In fact, the program was apparently too successful. The government had so much surplus hemp in 1943 that it had to pay American cord manufacturers to “absorb a portion of the domestic hemp supply.” As the end of the war drew near, the government tried to gradually reduce the nation’s hemp acreage and use every last bit of fiber it produced. However, having reaped the rewards of a humming wartime industry, many rural Midwesterners were not ready to watch hemp prices fall or see job-providing hemp plants shuttered. By 1944, War Hemp Industries, Inc. – the company that managed the government hemp plants during the war – expected “at least a moderate revival of the industry” and noted that “farmers and townsmen at 42 government hemp mill locations in the Midwest would welcome a return to a hemp growing program.” Company executives pointed to new machinery and production methods that would allow the US to “produce hemp cheaper than… any place else in the world.” In August 1945, veterans of the wartime hemp industry organized the American Fibers Industries, Inc., a cooperative dedicated to sustaining the industry in America. The group claimed hemp would bring $60 million in wages for “farmers, mill workers, and processors.”
Alas, the highly anticipated revival of the US hemp industry never happened. The government resumed hemp imports from Latin America and the Caribbean in 1944, and from the Philippines in 1945; meanwhile, domestic hemp prices collapsed with the removal of wartime price supports. And of course, there was the issue of all those hemp plants being possible sources of “marijuana.” In 1945, the US Treasury Department ordered Wisconsin hemp growers to “remove the leaves and flowers before sending their product to the mills.” Irate farmers protested, arguing that “such a process would not only injure the plant but would be so costly there would be no point in growing it.” To continue raising hemp profitably, the state’s farmers needed an exemption in the Marijuana Tax Act to allow “hemp to be transported tax-free to the mills”; they got no such modification, and the domestic hemp industry sputtered out.
In addition to illicit cultivators, authorities increasingly targeted so-called “wild marijuana.” This trend, which began after the tax act and would continue through the 1980s, was based on the largely incorrect assumption that any cannabis plants would or could be made to produce marijuana. Most of the “wild marijuana” authorities destroyed or worried about was either non-psychoactive hemp or feral varieties of marijuana that are far less potent than a cultivated plant. The Tax Act stipulated that producers of hemp birdseed must sterilize their product before it went to market, lest it sprout into harvestable “marijuana.” But in the three years prior to the Tax Act, the American oilseed industry imported some 193 million pounds of (unsterilized) hemp seed, ensuring that sterilization would not prevent birds and other wildlife from spreading hemp.
In 1972, a report from the National Commission on Marijuana and Drug Abuse (also known as the Shafer Commission) released a report titled “Marijuana: A Signal of Misunderstanding.” The report recommended “partial prohibition” and lower penalties for possession of small amounts of marijuana. Nixon and other government officials, however, ignored the report’s findings.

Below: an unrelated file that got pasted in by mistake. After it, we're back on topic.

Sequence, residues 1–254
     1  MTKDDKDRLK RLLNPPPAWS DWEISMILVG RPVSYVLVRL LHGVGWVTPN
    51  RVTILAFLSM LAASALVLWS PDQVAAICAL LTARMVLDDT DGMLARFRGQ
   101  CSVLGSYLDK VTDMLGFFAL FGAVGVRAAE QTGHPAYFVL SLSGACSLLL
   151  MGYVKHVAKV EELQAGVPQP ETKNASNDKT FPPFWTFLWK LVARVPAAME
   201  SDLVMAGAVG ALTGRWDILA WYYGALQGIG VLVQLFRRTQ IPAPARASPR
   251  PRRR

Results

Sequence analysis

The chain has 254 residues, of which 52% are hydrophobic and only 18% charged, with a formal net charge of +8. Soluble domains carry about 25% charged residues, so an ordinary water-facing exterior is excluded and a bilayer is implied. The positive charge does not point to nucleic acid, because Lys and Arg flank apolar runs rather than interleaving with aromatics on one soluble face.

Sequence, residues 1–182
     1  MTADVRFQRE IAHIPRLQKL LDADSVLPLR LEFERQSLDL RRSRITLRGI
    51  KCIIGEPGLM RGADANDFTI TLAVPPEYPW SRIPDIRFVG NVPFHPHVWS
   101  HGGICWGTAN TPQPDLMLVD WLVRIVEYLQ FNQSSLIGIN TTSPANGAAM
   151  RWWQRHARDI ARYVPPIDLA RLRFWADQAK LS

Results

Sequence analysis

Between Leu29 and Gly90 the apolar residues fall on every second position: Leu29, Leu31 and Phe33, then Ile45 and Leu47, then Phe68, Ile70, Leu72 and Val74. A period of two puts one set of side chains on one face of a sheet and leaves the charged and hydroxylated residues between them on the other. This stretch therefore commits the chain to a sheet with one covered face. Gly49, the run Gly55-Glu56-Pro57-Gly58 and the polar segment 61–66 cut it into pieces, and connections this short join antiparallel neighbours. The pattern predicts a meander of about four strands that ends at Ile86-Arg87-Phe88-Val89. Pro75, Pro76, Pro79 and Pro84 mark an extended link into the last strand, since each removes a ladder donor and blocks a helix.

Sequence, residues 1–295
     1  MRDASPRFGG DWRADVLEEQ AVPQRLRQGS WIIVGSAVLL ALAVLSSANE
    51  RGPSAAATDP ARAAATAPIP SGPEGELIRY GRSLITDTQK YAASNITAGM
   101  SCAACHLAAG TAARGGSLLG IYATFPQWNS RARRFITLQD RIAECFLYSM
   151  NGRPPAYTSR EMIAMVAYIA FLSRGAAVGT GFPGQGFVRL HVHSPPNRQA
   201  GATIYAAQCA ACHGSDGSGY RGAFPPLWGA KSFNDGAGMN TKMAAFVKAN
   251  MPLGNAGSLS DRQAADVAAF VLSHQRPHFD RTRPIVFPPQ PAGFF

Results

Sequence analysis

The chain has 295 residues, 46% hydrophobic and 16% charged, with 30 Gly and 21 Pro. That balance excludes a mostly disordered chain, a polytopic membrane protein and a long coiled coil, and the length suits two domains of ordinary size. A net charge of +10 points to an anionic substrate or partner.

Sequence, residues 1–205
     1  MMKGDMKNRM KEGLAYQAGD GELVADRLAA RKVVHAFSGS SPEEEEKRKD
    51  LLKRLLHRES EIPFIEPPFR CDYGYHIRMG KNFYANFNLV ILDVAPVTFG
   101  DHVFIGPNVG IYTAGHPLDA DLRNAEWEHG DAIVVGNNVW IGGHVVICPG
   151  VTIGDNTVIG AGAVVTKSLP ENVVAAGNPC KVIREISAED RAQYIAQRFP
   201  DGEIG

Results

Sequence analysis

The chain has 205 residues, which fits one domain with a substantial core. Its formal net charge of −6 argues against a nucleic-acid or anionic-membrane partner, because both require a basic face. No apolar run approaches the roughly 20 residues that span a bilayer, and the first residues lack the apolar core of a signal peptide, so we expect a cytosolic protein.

By the late 1980s, ramped-up state and federal enforcement campaigns made growing pot outdoors extremely risky. Accordingly, the nation’s marijuana growers moved inside, to cultivation “labs” with grow lights and other sophisticated equipment. Reports of indoor growing become extremely numerous after 1989, and they describe cannabis being grown in basements, aquariums, apartments, and greenhouses.
California became the first state to re-legalize marijuana for medicinal use by people with severe or chronic illnesses in 1996. Washington, D.C., 29 states and the U.S. territories of Guam and Puerto Rico allow the use of cannabis for limited medical purposes.
As of June 2019, eleven states and Washington, D.C., have legalized marijuana for recreational use. Colorado and Washington became the first states to do so in 2012. Adults also can light up without a doctor’s prescription in Alaska, California, Illinois, Maine, Massachusetts, Michigan, Nevada, Vermont and Oregon.
Marijuana’s side effects—both mental and physical—are partly responsible for its checkered legal status. Short-term effects can include euphoria or other mood changes, heightened sensory perception and increased appetite.
While many people experience a pleasant “high” feeling after using marijuana, others may experience anxiety, fear or panic. Negative effects may be more common when a person uses too much marijuana, or the cannabis is unexpectedly potent.
The amount of THC in marijuana—the chemical responsible for the drug’s potency—has increased dramatically in recent decades. In the mid-1990s, the average THC content of confiscated weed was roughly 4 percent. By 2014, it was about 12 percent, with a few strains of pot containing THC levels as high as 37 percent.
Cannabis is still illegal under U.S. federal law, and the evolving legal status of marijuana is a subject of ongoing controversy in the United States and around the world.